The Queen’s Royal Collection contains over 250,000 pieces of artwork and all are set to be reviewed for colonial and slavery links amid pressure from the Black Lives Matter movement. The Royal Collection Trust, which looks after Her Majesty’s vast collection, has entrusted a senior member of staff to scour the collection and review its links to the slave trade and Britain’s colonial past.
One piece of art already updated is a painting of Sir Thomas Picton, often depicted as the ‘Hero of Waterloo’, adding references to his links to slavery. The public notes for Sir Thomas Picton were rewritten by staff and added to his portrait which hangs at the Waterloo Chamber in Windsor Castle.
The Royal Collection includes public and private exhibits at Buckingham Palace and Windsor Castle as well as at the Palace of Holyroodhouse, Clarence House, Frogmore House and The Royal Mews.
Other portraits on display include that of Henry Dundas, who delayed the abolition of slavery and Sir Robert Peel, who was against the abolition of slavery.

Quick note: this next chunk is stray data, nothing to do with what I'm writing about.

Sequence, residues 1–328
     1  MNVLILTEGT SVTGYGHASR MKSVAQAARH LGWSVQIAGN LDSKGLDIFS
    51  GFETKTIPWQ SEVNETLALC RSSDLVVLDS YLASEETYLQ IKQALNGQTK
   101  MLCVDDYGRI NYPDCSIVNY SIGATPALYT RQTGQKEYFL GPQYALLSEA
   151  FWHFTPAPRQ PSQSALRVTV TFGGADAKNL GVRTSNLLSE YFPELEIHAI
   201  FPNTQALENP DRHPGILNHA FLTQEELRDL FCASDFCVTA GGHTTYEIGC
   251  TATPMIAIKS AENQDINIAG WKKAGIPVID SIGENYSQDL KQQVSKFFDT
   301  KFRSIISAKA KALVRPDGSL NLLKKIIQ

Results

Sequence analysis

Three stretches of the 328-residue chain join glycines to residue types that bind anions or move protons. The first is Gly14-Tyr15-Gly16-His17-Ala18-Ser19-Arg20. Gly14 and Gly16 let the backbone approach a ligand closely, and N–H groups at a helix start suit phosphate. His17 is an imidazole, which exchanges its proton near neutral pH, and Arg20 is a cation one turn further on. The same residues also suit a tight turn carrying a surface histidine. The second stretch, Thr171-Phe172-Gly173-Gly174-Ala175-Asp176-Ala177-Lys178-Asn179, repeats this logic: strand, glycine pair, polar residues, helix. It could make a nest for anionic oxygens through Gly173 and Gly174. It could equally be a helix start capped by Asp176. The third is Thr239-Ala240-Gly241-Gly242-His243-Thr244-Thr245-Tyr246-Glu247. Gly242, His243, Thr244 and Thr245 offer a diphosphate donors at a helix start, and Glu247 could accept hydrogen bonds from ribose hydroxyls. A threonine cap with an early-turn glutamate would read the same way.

A Royal Collection Trust spokesperson commented, “In terms of other records, work is underway within our curatorial teams to improve and update them, which will happen in the coming weeks and months.”
The Royal Collection is the largest private art collection in the world and is spread across 13 occupied and historic royal residences across the United Kingdom.
The notes on the portrait of Sir Thomas Picton now reads, ““Picton’s punitive administration of Trinidad and his subjects’ enforced adherence to strict penal codes were the subject of contemporary controversy in Britain and the West Indies. He was brought to trial in London in 1806, accused of carrying out torturous practices in jails under his jurisdiction. He was later partially exonerated, on the grounds that while he had committed illegal acts not befitting his role as military governor, the right to torture prisoners was recognised under the Spanish laws still enforced at the time.”
Although no artwork has been removed from any royal residence across the United Kingdom yet, a source commented, “There is an ongoing review.”